Claims proposed fire cuts are ‘tragedy waiting to happen’

A public meeting was held on November 18

By Anna Whittaker, Local Democracy Reporter

There were claims that proposed fire cuts in Nottinghamshire are a “tragedy waiting to happen” at a public meeting discussing the plans.

A public consultation is ongoing on the proposals, which could see Nottinghamshire Fire and Rescue Service reducing its fire crew cover at three stations in order to save £2m.

The major changes, proposed by Nottinghamshire Fire and Rescue Service to reduce a budget deficit, would see West Bridgford Fire Station have no crew on duty at all at night, and both London Road and Stockhill stations losing one fire engine each.

As crews in West Bridgford would come from other areas overnight, average response times are expected to increase by 43 seconds at a station already significantly above the service’s eight-minute target.

In Ashfield, the fire service plans the return of 24-hour cover at the Kirkby-in-Ashfield station.

Rushcliffe Labour held a public meeting in West Bridgford on November 18 where a panel of speakers told of their fears if the cuts go ahead.

But the Home Office told the Local Democracy Reporting Service that the fire service in Nottinghamshire has had an increase of 5.2 per cent in funding compared with 2021/22.

They added that the fire service held £10.7m in reserves as of March 2021, which is an increase of £0.9m compared with the previous year.

Mark Stilwell, Regional chair of the Fire Brigades Union and a firefighter for over 20 years in Nottinghamshire, said: “It’s a tragedy waiting to happen.

“We’re going to get a massive incident eventually and we’ll be looking at what we should’ve done better.

“Since I joined this job, all I’ve seen is austerity and cuts and it does sadden me.

“In Nottinghamshire, we’ve lost six appliances in a decade and two appliances where we don’t have any cover at night.

“It’s scandalous the way we’re going at the minute. The implications of these proposed cuts are massive.

“You deserve more, and we deserve more as firefighters. Our health and safety is being risked here.

“The risk to us is massive, the longer it takes to get to a fire, the worse the risk is.

“You’re paying your taxes and you deserve a better fire service.

“We have got reserves but we need more funding and the only way we’re going to get that is from central government.”

Cllr Penny Gowland for West Bridgford North (Lab) said was concerned about the cuts impacting response times.

She said: “We are very lucky to be a low-risk community but accidents can happen to all of us at any time.

“This isn’t cutting the fat off, this is a cut to the marrow.”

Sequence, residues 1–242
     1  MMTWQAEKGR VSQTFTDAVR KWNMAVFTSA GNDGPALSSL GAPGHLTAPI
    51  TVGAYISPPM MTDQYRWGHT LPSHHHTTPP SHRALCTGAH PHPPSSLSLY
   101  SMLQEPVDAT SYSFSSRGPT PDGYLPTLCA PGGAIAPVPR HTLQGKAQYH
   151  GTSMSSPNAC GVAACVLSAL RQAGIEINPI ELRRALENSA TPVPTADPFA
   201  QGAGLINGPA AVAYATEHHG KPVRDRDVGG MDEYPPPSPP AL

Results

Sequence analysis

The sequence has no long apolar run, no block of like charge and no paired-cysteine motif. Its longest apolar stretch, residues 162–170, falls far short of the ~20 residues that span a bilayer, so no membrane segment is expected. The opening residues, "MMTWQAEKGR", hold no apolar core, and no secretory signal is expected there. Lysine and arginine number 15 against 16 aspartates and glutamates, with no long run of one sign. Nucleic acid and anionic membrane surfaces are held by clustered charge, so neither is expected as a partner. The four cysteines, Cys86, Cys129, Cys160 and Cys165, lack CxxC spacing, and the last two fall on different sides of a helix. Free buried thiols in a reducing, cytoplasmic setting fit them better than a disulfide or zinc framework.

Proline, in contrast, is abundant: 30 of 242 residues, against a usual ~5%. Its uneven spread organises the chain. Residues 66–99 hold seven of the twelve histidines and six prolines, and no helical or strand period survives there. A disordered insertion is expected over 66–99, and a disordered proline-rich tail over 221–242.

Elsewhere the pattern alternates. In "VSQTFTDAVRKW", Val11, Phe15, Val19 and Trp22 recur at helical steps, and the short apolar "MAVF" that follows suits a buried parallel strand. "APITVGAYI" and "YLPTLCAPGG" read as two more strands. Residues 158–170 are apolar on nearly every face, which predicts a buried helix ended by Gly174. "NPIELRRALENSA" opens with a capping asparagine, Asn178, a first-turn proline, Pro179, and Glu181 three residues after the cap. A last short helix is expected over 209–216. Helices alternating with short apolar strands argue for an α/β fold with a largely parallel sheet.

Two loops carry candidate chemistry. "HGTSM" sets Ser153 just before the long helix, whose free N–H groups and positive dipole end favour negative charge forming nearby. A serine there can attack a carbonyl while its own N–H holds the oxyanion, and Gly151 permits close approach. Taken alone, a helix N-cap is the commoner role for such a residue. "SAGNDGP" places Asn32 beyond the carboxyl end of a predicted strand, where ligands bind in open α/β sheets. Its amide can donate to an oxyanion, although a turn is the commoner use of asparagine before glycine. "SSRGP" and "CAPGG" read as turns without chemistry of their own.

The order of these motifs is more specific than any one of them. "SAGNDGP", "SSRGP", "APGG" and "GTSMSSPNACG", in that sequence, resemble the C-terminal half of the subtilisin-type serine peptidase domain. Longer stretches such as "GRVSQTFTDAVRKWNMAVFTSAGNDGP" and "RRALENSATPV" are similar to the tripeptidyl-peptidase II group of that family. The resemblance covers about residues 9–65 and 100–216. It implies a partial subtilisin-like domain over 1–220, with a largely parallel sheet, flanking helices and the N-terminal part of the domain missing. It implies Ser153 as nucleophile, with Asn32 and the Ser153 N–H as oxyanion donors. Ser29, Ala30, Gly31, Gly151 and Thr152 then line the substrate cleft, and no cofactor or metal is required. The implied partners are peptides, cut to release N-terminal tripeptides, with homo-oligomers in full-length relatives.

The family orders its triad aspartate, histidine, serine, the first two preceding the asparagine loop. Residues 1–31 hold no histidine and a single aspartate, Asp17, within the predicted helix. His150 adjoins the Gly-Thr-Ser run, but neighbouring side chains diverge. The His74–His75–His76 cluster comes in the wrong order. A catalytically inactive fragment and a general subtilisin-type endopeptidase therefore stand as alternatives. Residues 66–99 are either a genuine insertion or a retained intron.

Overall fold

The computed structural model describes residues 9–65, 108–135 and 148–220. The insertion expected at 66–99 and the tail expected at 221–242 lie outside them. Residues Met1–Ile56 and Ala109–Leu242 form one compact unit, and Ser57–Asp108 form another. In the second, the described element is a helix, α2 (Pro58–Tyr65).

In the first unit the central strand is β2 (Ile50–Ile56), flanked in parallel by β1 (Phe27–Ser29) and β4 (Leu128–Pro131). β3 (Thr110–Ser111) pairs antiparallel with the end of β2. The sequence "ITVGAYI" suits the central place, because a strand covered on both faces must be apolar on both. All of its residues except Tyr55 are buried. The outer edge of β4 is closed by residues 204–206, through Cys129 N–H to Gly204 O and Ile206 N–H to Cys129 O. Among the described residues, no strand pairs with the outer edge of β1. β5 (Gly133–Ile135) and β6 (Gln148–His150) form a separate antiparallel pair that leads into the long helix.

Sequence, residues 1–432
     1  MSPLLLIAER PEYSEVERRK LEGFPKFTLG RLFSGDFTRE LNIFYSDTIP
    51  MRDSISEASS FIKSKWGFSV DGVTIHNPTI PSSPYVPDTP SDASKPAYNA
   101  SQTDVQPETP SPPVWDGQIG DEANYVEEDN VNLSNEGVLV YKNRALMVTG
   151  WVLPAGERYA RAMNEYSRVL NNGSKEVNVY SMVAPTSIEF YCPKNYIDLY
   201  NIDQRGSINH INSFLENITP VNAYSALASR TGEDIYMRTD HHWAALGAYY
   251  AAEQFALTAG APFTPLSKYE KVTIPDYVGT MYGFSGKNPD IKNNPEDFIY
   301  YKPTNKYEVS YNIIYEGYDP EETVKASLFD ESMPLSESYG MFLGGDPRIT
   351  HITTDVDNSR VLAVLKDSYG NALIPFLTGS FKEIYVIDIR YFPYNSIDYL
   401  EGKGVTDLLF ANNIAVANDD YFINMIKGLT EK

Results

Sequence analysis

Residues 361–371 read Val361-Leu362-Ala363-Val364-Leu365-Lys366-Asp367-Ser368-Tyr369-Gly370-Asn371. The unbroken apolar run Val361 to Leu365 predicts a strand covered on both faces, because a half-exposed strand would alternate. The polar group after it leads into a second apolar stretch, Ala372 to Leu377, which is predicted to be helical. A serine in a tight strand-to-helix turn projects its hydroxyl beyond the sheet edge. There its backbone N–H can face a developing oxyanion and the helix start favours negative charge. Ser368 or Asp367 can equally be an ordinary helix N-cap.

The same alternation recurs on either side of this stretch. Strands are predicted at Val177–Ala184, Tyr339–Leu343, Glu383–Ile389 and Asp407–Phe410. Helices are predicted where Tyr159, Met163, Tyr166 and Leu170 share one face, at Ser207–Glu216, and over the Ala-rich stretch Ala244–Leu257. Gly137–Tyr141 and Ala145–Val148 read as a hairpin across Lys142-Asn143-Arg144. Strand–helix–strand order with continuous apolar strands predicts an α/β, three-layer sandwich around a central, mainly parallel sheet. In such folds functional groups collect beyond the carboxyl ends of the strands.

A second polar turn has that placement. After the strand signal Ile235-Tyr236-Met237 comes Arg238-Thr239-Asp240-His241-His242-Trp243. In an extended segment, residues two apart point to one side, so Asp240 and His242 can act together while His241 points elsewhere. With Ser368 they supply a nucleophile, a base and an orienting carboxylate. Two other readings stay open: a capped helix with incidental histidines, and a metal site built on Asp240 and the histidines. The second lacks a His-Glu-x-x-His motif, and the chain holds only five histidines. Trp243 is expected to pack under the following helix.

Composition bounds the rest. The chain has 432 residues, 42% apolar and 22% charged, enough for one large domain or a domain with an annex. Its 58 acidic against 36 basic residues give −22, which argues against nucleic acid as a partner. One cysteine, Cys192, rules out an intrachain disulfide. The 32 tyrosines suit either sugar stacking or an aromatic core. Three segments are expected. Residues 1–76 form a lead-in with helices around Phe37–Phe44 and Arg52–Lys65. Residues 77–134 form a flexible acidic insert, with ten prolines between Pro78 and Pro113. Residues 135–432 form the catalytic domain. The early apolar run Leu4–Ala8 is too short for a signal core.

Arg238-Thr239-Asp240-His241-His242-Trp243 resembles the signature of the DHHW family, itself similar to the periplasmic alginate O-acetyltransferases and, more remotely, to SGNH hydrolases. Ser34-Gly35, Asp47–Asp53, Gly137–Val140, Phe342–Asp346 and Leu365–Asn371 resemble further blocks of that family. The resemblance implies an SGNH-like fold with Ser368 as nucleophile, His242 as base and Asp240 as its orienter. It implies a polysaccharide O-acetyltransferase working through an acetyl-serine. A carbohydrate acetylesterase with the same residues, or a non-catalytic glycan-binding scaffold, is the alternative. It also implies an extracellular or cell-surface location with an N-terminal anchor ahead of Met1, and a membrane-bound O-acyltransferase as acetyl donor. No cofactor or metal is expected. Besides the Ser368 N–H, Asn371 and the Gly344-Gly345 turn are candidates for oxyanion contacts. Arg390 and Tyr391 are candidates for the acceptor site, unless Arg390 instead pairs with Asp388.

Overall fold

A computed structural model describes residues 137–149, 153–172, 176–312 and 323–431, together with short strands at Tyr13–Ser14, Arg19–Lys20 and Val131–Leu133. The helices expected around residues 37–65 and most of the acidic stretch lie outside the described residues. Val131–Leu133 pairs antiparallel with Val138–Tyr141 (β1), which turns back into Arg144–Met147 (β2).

Cheryl Pidgeon, the regional organiser for Unite the Union, added that Nottinghamshire is the 7th worst-affected fire service in England in terms of cuts.

She said during the meeting: “Fire can spread quickly, it can kill quickly, it can destroy families and communities quickly.

“There’s been no decision on this as yet so let’s pull together and get angry about this.

“A life is priceless, we should not have to lose one life in our community.”

Jacob Collier, the Unison workplace steward for the service, represents support staff including engineers, ICT technicians, and the education and fire investigation teams.

He said: “Our staff are incredibly worried about what is going to happen and morale is very low.

“We are also concerned about what’s going to happen to operational colleagues.

“We joined the fire service to make sure our communities are safe, and now we are at the point where if these cuts go through, it will potentially will lead to loss of life.”

But Chief Fire Officer Craig Parkin previously told the Local Democracy Reporting Service that “you can never say whether somebody’s life was lost because a fire engine took seconds longer”.

A final decision on the plans is expected in February 2023 and if approved after the public consultation, the changes will go ahead from April 2023.

Assistant Chief Fire Officer, Candida Brudenell, said the service has “faced over a decade of severe, continued and increasing financial pressures”.

She said: “We don’t want to be in this position, but because of our legal requirement to set a balanced budget, we have to propose changes.

“The suggested changes have been independently assessed by a sector-leading specialist, following a comprehensive risk analysis across the city and county.

“The location of a fire station, its resources, and staffing models are all informed by a significant amount of data analysis, including community risk profiling and historical incident demand review.

“The proposal is one that enables us to save the money required, with the least impact on Service-wide performance. If Fire Authority Members vote to approve the changes, we will still have 28 fire engines deployed across the county, which meets our scenario plans of large-scale incidents.

“Should we require it, we also have arrangements with each of our neighbouring fire services who can provide support at large incidents. This is a well-practised occurrence.

“We strongly encourage communities to have their say on our proposal. Please visit to give your views before 23 December 2022.”

A Home Office spokesperson said: “Decisions on how their resources are best deployed are a matter for each fire and rescue authority. They determine appropriate targets for local response times based on its analysis of risk and local circumstances.

“Nottinghamshire Fire has a core spending power of £45.8m this year, an increase of 5.2% compared with 2021/22, which demonstrates our commitment to ensuring fire services have the resources they need to keep people safe.”

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